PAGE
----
While I said there was one narrative in Gotham, it’s actually broken up into two distinct segments: above Gotham, and below in the streets. I just described some of the action that takes place in the streets with Batman chasing after infamous supervillains, yet above in the skies Gotham Girl is combating a hero, actually one of the strongest meta-humans in the DCU, Captain Atom. After the events of the last issue, the president has declared Gotham a no hero zone, ordering everyone to steer clear. Captain Atom isn’t on board with this plan. He, rightfully so, doubts that things in Gotham have somehow straightened out, reasoning that Gotham needs help now more than ever and so help has arrived.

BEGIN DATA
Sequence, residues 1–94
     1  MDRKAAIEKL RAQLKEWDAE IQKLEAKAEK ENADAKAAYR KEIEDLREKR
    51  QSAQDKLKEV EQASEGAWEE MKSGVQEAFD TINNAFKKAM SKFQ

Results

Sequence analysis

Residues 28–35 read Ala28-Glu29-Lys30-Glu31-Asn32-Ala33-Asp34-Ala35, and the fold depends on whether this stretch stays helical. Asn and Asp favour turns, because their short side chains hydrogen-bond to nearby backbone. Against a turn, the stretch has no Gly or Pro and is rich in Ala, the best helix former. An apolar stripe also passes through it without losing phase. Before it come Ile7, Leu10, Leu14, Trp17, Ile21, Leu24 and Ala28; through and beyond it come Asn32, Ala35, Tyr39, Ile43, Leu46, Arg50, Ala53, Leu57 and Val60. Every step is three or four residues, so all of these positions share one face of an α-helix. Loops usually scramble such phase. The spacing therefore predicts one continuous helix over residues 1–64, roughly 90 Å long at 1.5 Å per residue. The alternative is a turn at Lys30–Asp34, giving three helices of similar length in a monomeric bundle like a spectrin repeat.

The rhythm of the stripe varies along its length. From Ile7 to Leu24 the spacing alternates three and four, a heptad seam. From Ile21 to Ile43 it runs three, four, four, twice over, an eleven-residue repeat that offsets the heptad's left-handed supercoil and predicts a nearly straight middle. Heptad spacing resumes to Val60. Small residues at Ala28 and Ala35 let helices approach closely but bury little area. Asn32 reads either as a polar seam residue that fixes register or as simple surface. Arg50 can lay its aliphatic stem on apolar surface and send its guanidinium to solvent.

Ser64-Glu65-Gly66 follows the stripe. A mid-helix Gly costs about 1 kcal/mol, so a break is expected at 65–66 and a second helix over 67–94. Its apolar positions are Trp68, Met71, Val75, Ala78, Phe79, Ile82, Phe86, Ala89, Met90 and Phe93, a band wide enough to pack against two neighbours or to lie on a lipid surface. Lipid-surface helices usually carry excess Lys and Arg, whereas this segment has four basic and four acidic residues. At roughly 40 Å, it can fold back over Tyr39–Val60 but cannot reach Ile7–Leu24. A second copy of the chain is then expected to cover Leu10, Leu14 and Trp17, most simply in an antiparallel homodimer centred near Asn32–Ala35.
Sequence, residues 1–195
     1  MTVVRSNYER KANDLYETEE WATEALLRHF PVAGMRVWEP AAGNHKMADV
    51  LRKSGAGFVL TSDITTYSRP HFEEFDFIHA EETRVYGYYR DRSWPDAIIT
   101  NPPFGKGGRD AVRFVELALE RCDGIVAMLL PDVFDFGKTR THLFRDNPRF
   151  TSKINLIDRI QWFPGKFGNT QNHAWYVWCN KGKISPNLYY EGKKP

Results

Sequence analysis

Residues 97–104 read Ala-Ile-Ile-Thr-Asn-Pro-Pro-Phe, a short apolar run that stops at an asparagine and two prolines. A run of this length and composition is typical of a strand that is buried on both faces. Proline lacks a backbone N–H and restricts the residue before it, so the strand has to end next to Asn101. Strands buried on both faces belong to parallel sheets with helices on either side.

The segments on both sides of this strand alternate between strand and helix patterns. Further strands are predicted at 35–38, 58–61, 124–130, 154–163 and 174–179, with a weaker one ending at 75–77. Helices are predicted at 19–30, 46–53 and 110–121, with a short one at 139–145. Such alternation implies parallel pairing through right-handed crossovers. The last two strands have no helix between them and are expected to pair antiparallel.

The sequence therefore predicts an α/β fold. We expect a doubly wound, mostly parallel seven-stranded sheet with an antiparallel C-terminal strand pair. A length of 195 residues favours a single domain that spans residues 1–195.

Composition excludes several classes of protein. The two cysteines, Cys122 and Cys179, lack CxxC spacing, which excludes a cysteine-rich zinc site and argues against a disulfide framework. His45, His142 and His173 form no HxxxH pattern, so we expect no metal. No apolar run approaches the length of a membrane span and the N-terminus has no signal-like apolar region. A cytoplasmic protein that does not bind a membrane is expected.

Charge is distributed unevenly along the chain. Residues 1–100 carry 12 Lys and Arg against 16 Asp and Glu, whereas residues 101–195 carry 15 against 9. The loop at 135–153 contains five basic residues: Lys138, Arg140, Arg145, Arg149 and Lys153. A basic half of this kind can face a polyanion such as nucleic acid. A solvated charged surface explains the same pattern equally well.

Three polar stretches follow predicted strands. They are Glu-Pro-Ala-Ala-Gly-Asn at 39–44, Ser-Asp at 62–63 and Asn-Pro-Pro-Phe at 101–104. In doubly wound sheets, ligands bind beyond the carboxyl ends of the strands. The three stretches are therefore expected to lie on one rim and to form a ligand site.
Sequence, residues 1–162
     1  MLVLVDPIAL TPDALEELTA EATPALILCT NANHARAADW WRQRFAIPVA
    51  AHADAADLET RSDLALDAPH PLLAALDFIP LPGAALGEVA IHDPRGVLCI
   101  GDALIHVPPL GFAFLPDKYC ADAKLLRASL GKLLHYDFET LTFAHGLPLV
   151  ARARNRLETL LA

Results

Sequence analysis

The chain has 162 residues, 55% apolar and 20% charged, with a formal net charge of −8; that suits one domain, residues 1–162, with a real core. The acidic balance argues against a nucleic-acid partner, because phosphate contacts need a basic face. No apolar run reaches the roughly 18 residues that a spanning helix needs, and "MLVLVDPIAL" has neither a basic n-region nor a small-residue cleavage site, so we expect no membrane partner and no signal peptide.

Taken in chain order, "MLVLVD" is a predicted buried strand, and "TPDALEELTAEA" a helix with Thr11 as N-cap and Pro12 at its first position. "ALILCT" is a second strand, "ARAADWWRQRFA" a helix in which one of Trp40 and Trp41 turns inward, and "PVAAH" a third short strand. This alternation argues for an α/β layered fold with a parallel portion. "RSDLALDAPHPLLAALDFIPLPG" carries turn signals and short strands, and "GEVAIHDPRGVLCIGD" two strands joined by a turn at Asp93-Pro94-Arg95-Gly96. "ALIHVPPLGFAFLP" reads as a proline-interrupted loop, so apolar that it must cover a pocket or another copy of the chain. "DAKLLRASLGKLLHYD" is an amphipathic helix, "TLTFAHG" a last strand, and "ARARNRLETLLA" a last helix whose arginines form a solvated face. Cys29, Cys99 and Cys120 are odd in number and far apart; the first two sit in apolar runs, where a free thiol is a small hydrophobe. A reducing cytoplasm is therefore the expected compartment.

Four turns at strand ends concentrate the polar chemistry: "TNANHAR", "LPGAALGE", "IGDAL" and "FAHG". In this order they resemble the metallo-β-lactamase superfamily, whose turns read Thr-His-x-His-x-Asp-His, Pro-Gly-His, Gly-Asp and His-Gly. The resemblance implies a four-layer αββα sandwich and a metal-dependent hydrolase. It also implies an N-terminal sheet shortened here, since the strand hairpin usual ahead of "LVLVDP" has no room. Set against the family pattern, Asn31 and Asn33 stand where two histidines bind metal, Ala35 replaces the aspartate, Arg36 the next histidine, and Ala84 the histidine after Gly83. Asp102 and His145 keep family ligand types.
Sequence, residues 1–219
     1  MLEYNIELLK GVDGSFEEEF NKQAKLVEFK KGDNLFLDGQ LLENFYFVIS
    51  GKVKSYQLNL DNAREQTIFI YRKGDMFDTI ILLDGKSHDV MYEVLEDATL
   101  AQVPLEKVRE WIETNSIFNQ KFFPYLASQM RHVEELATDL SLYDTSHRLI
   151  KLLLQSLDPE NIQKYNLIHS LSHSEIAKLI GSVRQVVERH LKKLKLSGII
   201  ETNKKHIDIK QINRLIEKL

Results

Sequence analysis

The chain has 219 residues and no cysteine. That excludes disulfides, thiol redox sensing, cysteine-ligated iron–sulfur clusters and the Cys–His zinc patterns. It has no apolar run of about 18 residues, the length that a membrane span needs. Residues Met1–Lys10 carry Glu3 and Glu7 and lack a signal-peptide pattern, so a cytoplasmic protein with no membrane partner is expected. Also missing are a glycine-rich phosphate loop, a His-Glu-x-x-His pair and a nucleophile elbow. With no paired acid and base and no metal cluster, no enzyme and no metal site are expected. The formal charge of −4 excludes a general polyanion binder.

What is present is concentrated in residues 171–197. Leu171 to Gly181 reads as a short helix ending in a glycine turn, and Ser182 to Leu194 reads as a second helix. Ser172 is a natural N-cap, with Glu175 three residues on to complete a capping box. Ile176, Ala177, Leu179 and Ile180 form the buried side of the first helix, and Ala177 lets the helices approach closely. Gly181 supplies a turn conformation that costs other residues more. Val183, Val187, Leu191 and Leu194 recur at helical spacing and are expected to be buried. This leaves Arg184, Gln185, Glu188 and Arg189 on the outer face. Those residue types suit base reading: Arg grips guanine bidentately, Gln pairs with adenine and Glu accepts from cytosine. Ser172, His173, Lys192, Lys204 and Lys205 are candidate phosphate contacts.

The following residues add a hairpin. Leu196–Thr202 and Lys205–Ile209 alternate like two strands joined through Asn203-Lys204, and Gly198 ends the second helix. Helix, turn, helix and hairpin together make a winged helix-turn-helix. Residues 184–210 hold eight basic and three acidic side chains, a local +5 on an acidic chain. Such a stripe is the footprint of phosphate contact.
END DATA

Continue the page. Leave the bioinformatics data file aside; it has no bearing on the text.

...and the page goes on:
Thomas Wayne Batman is tasked with dealing with any villains in Gotham, and Gotham Girl is tasked with disposing of any heroes that approach the city. Captain Atom almost laughs at her standing up to him, but he doesn’t remain cheerful for very long. Just as we saw last issue, Gotham Girl is extremely capable, and she effectively wipes the floor with Captain Atom. After beating him, she asks Batman if he’s sure they don’t want to give him the (Psycho) Pirate treatment, to which he laughs and says, “No. That’s not the deal we negotiated. Villains go down. Heroes go out.” Gotham Girl promptly launches Captain Atom miles outside of Gotham. The contrast in Gotham Girl patrolling the air and Batman patrolling the streets is strong, and the two are doing a scarily-efficient job at keeping the streets of Gotham “orderly”.